One of the consequences of the way people live their lives in the modern world has been a worrying increase in the number of those suffering mental health problems at some point in their life. Many people can be affected and we need to remove the stigma and try to do more to support people's wellbeing.
The growth in the number of young people affected is of particular concern. Maybe it’s the pressure to fit in and to belong - a sentiment that always existed - but seems to have been heightened by social media in the digital age which is relentless and immediate but often impersonal and sometimes offensive. A number of schools are now encouraging parents to take mobile phones away from their children at night so that they can sleep and have a break from relentless twitter feeds.
Last week, the Government introduced new measures to transform the way we approach and deal with mental health locally, so that more children and young people receive support and care.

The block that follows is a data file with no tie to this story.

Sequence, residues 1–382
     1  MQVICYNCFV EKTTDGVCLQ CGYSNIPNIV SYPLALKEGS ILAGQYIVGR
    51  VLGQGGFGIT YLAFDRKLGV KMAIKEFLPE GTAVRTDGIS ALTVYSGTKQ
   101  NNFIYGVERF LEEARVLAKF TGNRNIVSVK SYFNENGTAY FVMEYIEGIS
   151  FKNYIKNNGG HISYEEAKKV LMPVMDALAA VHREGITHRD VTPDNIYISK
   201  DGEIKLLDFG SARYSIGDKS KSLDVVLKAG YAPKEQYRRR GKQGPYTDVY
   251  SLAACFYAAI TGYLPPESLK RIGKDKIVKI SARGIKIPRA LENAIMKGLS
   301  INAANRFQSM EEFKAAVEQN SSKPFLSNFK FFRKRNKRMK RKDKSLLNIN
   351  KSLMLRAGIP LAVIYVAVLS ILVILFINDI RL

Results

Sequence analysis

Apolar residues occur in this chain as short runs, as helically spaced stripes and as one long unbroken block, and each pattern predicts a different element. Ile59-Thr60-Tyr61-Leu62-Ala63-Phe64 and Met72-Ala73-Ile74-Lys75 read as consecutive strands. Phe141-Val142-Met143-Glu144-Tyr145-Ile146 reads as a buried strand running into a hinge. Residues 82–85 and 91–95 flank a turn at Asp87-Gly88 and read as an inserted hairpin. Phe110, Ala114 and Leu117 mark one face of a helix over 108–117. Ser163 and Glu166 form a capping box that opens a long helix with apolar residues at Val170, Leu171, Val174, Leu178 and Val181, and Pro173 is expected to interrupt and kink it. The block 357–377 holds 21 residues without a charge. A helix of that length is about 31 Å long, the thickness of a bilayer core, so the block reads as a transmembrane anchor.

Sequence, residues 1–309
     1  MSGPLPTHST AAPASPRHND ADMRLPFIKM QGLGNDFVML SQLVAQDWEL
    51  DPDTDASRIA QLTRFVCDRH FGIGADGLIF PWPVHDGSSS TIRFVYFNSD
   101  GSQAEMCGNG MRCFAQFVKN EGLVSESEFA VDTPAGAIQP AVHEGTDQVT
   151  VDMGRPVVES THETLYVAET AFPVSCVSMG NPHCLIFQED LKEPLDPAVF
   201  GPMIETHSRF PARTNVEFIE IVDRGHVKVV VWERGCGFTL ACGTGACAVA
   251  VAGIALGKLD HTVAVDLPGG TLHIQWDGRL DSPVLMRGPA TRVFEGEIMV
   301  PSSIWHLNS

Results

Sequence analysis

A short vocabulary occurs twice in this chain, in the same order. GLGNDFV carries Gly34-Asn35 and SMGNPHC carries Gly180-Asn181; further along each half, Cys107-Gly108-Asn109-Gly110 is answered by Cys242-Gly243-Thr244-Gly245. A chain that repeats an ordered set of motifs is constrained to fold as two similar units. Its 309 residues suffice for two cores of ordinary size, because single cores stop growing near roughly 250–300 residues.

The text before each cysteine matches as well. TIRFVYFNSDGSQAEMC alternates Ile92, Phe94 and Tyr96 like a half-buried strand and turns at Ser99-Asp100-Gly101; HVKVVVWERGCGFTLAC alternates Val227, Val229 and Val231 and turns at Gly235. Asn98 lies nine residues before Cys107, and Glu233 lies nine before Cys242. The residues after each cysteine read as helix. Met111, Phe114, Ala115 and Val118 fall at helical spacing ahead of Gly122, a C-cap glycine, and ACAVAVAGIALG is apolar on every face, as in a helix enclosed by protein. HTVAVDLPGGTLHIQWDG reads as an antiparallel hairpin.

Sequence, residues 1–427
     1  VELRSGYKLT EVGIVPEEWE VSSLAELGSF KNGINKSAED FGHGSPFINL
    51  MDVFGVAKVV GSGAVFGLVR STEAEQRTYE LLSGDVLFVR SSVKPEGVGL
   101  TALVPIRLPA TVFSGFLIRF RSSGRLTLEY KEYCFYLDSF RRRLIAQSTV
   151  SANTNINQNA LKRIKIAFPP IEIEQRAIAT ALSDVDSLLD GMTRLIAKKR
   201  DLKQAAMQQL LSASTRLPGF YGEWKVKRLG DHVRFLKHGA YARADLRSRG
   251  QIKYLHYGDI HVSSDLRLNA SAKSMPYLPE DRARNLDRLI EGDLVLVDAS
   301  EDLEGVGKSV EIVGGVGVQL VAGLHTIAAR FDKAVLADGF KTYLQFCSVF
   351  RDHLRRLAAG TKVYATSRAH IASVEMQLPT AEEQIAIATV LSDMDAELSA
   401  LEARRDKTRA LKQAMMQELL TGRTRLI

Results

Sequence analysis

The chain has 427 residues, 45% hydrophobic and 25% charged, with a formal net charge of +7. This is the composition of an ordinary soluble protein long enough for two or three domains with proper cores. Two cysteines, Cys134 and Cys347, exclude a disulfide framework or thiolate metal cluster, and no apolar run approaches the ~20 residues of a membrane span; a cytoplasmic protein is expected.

The new measures are good news for Cornwall. Our local secondary schools will be offered mental health first aid training to increase awareness around mental health and help to tackle the stigma around the issue. New proposals will also outline how mental health services for schools, universities and families can be improved, so that everyone in the community is supported, at every stage of life.
Across Cornwall, we will also see child and adolescent mental health services being reviewed. This will identify what works and what we can improve, so that more children and young people get the mental healthcare that they need.
Some good work is done by the Child and Adolescent Mental Health Services (CAMHS) service, which helps children and young people deal with emotional, behavioural or mental health issues. There are also some good charities out there which help provide the support needed. But all agree that this is a challenge of our age.